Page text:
Three experts have now reviewed your article and each has identified merits in your methodology. However, all three reviewers raise some concerns both with regard to your experimental protocol and your interpretation of your results.
Reviewer 1 highlights a potential reinterpretation of your results in terms of participants’ reward maximizing behavior, counter to risk avoidance, and I encourage you to address this. Reviewer 1 also noted your interchangeable use of “gender” and “sex” throughout your article. Please be consistent and, as suggested by reviewer 1, if the participants self-identified, then I would recommend using the term gender rather than sex.
Furthermore, both reviewers 1 and 2 note the interplay between gender and use of social information and I agree with them that unpacking this finding more fully would generate a more thoughtful and thorough article.
Reviewer 3 has requested greater clarity in the presentation of your experimental conditions and I agree that this would be useful. I would also ask that you provide the full text that was presented to participants in each of the conditions, rather than the truncated version you currently cite. Reviewer 3 also raised concerns about the (unintentional) differences generated by the social and asocial conditions in terms of cognitive complexity; how such variability may have impacted the behavior of your participants, merits discussion in your article. Finally, reviewer 3 also challenges your use of deception. Although myself a psychologist and used to human subjects testing often involving deception, I am unsure as to its purpose in these methods. Indeed, it seems to only increase the risk for participants across all conditions. Surely reliable feedback, especially in the safe conditions would have been more valid. Please explain your reasoning for your payment system here and also the random generation of scores.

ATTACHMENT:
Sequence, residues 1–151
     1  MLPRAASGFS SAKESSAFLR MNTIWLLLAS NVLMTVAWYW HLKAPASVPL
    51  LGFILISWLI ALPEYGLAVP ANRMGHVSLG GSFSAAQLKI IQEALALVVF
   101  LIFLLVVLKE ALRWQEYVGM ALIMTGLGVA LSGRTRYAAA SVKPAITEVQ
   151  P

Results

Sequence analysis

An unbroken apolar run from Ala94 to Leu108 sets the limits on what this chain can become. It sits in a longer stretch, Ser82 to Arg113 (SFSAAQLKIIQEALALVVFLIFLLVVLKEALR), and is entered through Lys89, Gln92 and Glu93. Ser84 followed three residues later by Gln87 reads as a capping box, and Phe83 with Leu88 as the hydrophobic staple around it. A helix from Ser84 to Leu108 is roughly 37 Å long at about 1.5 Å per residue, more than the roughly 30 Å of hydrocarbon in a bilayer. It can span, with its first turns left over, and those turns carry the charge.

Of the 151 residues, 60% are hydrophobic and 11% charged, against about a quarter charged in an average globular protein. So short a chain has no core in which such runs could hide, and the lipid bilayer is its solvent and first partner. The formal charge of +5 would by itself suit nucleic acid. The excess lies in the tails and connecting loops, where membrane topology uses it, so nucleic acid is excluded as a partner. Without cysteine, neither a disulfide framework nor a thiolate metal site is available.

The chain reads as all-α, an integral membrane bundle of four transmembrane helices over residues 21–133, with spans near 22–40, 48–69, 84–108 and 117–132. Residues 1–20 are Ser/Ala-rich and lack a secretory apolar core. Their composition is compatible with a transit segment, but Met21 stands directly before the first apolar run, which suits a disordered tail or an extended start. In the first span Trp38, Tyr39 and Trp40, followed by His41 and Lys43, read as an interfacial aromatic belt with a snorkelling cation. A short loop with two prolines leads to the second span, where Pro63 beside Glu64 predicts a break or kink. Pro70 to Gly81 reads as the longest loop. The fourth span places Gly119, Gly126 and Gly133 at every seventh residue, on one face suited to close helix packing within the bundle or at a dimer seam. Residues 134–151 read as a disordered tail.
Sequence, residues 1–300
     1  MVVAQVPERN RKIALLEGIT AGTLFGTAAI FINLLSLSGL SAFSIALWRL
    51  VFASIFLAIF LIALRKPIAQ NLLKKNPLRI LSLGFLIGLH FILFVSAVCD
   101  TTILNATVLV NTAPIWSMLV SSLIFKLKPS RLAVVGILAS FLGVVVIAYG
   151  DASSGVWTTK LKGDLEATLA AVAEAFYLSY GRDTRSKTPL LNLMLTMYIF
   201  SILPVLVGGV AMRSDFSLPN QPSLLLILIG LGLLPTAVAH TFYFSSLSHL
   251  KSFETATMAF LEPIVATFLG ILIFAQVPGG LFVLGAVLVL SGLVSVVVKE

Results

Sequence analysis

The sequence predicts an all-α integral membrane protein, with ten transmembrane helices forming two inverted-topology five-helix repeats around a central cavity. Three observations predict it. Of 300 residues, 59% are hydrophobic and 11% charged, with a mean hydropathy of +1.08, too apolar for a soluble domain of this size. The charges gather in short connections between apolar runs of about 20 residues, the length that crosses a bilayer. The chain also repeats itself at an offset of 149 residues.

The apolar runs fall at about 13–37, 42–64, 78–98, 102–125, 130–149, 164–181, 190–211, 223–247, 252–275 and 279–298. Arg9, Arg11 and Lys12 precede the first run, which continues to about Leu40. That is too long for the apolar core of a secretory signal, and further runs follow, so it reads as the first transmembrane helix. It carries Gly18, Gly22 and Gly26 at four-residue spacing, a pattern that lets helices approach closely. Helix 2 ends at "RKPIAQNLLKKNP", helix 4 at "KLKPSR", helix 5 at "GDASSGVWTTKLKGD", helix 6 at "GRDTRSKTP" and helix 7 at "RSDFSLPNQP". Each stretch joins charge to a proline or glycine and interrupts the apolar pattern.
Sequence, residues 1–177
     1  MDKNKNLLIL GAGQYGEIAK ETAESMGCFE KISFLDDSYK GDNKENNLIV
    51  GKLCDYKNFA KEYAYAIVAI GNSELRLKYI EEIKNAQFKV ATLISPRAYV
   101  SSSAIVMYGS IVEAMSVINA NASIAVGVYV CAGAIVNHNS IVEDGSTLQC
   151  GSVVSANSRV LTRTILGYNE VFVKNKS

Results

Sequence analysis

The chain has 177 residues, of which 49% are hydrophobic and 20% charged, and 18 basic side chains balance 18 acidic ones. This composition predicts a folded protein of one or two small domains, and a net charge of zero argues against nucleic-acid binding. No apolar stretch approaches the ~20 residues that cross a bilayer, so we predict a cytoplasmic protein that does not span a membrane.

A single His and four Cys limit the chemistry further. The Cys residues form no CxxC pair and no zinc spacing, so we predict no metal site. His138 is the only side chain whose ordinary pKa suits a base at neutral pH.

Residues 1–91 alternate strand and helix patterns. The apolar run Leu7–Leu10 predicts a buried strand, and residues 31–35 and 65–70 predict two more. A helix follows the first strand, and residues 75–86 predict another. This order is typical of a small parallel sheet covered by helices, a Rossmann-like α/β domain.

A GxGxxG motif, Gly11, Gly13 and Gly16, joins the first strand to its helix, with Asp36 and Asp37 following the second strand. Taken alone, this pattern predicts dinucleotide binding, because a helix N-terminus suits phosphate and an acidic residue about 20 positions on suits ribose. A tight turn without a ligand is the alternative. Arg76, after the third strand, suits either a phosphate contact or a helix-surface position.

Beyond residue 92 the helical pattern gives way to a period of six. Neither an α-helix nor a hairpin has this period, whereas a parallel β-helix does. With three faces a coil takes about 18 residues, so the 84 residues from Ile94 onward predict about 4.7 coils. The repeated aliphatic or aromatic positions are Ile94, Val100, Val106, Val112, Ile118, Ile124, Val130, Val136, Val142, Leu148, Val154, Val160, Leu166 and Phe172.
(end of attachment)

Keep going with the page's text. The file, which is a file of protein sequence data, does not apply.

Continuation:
In addition to the three reviewers’ very detailed and thoughtful feedback, I have a few more minor comments that I request you address:
Line 60 “reducing the predictability of personally experienced cues” should be “reducing the predictability of personally-experienced cues”
Line 62 where you state “delay their decision and observe the choices made by others”, to what is the comparison discussed here? Were participants delaying their decision making in comparison to participants presented with a less-risky decision?
Line 75 “behavior” might be a better word here than “decisions”
Line 78 where you state “lower average scores” please clarify what this translates to. I assume you mean that women are more risk averse than men, but clearly stating this would be helpful here.